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A Tale of Two Butthurt Profs

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Two butthurt professors took to the pages of Brian Leiter's blog to talk about just how butthurt they were over all the criticism of Michael Simkovic and Frank McIntyre's article about the economic value of a law degree.

The first butthurt comment comes from Simkovic himself, guest blogging on Leiter's wobsite. He discusses in detail how Above the Law didn't do a good enough job reading and understanding the paper that he and his guest author poured so much time and effort in to. Here's Simkovic's first of six complaints:

ATL Claim: The article doesn’t present any earnings data after 2008 and ignores changes since the financial crisis.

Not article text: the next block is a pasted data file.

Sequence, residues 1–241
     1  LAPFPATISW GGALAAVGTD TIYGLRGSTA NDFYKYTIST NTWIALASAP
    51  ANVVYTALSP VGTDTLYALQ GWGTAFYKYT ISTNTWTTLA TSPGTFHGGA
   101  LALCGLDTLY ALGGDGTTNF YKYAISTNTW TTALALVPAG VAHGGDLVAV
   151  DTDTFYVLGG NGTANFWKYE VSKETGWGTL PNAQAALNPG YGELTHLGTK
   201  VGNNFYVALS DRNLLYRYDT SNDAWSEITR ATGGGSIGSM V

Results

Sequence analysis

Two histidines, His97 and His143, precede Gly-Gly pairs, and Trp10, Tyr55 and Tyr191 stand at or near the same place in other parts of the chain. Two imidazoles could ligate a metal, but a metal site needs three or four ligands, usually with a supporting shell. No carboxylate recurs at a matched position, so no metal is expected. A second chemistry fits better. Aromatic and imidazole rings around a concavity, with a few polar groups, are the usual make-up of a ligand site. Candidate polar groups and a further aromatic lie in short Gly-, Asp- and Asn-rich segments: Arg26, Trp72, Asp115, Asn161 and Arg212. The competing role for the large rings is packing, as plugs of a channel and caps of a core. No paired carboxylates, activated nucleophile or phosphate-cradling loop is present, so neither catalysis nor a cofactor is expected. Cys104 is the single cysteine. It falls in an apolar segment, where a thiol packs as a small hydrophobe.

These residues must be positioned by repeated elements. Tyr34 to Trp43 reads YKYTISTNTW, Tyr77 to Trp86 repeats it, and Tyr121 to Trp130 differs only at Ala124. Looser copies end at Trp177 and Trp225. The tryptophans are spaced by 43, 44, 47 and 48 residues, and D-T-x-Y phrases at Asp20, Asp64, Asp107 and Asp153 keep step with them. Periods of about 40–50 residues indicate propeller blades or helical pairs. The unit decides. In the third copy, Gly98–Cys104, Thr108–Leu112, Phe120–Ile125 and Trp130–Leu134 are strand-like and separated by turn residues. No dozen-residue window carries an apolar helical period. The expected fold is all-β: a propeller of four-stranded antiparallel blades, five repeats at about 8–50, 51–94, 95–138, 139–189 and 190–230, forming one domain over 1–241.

And Simkovic's response:

Facts: We present earnings data from 1996 to 2011.  We also check for trends.  As shown in the figure below, the earnings premiums in recent years are within historical norms. [...]

We note in the article that the most recent college and law graduates in our sample graduated in 2008.  This is because the Census Bureau reports educational attainment at the start of each Panel and the most recent panel started in 2008.  Each panel tracks earnings for several years.

The last class to be studied was the class of 2008, but earnings data continued through 2011, so part of the recession was reflected in the data. Sure looks like ATL's claim that the article didn't present any earnings data after 2008 is flat out wrong.

Yeah, okay. Except that ATL never made that claim. Here is what ATL actually said:

Cutting your study off in 2008, before the market significantly changed, means that your study HAS NO CREDIBILITY. NONE.